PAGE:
Most importantly, we can now see how social disconnection affects our bodily and mental resources. Not being able to draw upon others’ resources for distress regulation means that many of our own resources must be devoted to increased self-regulation or intensified proximity seeking. And these resources then naturally become unavailable for other important tasks like exploration and learning, self-care and caregiving.


Understanding how social connection works and how it affects our bodily and mental health is of utmost importance. Looking at social connection through a combined attachment and social neuroscience lens starts unravelling its inner workings. In doing so, energy conservation associated with distress co-regulation emerges as a key mechanism. Social connection is vital from the moment we are born and therefore tightly linked to early infant-parent attachment. Attachment, in turn, is known to strongly influence how infants grow their social brains7. It therefore is crucial to translate the emerging social neuroscience of attachment findings for as many parents, but also practitioners, early-year educators and teachers as possible. The free Babygro Book8 published by the UK Charity Babygro and based on NAMA5 is a first step in this direction.

Recommendations and outlook

While we start applying the above-described combined attachment and social neuroscience approach to social connection, we need to be aware of some limitations. First, there unfortunately is quite some confusion about attachment terminology. We therefore often get lost in translation when we talk about attachment theoretical concepts and research. To help redress the situation, the Society for Emotion and Attachment Studies (SEAS) published an excellent and free online guide9 listing brief and usable outlines of technical meanings used by the attachment community. Second, we should be careful not to misattribute attachment labels when working with children and their caregivers. This especially holds true for attachment disorganisation that can have a multitude of causes and cannot be “diagnosed” from short encounters10. We should therefore rather focus on employing attachment-informed approaches based on objective social neuroscience evidence to create safe and revitalising environments for children and their caregivers. Finally, we need to be aware of social neuroscience’s intrinsic limitations and the often oversimplified way neurobiological processes are portrayed in the media. Social neuroscience data is complex and can only contribute one piece to the overall puzzle. Nonetheless, if applied and reported adequately, a combined attachment and social neuroscience approach has great potential to shed light on the inner workings of social connection. And it will hopefully enable us to develop promising new intervention and prevention strategies in the near future.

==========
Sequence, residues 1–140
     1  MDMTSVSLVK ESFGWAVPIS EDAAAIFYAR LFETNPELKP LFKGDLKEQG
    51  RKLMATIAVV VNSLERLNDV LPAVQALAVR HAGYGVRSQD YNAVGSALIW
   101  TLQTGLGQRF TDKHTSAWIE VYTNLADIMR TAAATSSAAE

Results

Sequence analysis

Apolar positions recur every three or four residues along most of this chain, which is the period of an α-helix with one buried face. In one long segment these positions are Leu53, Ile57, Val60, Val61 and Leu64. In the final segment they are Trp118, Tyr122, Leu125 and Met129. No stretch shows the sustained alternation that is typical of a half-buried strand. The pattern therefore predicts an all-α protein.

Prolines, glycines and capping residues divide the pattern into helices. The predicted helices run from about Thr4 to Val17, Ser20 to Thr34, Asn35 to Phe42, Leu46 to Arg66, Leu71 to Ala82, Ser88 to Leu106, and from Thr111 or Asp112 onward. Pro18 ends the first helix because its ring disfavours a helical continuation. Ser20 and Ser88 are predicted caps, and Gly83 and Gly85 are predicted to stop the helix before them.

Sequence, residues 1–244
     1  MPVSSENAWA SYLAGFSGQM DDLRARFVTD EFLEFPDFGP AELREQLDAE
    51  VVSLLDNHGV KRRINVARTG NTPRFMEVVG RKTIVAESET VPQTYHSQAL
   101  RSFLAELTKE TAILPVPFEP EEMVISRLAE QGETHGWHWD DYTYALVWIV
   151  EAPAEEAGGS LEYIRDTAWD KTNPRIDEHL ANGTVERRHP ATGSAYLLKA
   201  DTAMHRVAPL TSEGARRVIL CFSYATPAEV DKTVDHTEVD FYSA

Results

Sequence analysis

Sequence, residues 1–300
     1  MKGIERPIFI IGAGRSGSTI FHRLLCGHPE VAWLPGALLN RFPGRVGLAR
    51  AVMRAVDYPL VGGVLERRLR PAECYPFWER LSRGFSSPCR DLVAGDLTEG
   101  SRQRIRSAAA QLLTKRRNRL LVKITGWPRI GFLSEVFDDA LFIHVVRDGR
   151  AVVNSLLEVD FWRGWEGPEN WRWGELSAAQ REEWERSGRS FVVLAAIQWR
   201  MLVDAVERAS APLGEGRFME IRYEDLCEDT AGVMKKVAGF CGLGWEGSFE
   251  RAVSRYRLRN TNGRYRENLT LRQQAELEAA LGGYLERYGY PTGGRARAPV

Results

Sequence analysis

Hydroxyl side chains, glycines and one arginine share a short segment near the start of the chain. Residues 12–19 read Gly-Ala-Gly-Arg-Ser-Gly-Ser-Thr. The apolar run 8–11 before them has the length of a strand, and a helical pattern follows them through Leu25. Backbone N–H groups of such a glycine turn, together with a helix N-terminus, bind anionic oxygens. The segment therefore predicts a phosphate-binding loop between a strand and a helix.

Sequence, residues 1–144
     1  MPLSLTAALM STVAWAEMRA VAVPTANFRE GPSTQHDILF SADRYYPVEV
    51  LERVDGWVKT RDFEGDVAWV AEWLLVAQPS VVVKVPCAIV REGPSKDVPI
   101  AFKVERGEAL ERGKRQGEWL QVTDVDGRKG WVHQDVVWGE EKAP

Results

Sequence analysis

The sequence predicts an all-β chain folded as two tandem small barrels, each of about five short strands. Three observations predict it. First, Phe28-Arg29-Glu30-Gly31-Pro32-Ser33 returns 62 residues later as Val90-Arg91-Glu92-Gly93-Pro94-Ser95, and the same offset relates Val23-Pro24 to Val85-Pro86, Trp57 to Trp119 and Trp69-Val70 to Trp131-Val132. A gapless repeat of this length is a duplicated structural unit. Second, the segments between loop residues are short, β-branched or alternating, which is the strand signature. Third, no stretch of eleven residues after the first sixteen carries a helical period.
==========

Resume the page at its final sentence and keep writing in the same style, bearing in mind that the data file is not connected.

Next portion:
1) Cacioppo, J. T., Berntson, G. G., & Decety, J. (2010). Social neuroscience and its relationship to social psychology. Social cognition, 28(6), 675–685.

2) Holt-Lunstad, J., Smith, T. B., Baker, M., Harris, T., & Stephenson, D. (2015). Loneliness and social isolation as risk factors for mortality: a meta-analytic review. Perspectives on psychological science, 10(2), 227–237.

3) Handbook of attachment, third edition: Theory, research, and clinical applications. Jude Cassidy and Phillip R. Shaver (Eds.), New York: Guilford Press, 2016, 1,068 pp., ISBN 978-1-4625-2529-4.

4) Coan, J. A., & Sbarra, D. A. (2015). Social Baseline Theory: The Social Regulation of Risk and Effort. Current opinion in psychology, 1, 87–91.

5) Long, M., Verbeke, W., Ein-Dor, T., & Vrtička, P. (2020). A functional neuro-anatomical model of human attachment (NAMA): Insights from first- and second-person social neuroscience. Cortex 126, 281–321.

6) White, L. O., Schulz, C. C., Schoett, M., Kungl, M. T., Keil, J., Borelli, J. L., & Vrtička, P. (2020). Conceptual Analysis: A Social Neuroscience Approach to Interpersonal Interaction in the Context of Disruption and Disorganization of Attachment (NAMDA). Frontiers in psychiatry, 11, 517372.

7) Atzil, S., Gao, W., Fradkin, I., & Barrett, L. F. (2018). Growing a social brain. Nature human behaviour, 2(9), 624–636.

8) Babygro Book. Can be downloaded free of charge at

9) Society for Emotion and Attachment Studies (2021). Explanations of attachment theoretical concepts. Version April 2021.

10) Granqvist, P., et al. (2017). Disorganized attachment in infancy: a review of the phenomenon and its implications for clinicians and policy-makers. Attachment & Human Development; Also see online summary by the University of Cambridge Research Communications office:


Figures were made with icons from Freepik, juici_fish, Flat Icons, Kalashnyk, Chanut-is-Industries downloaded from Flaticon.


This post appeared as an article in the British Association for Community Child Health (BACCH) Newsletter in December 2022 (original post can be accessed here) and is a summary of Dr Vrticka’s keynote talk at the BACCH Annual Scientific Meeting 2022 on September 20, 2022 (talk recording can be accessed here.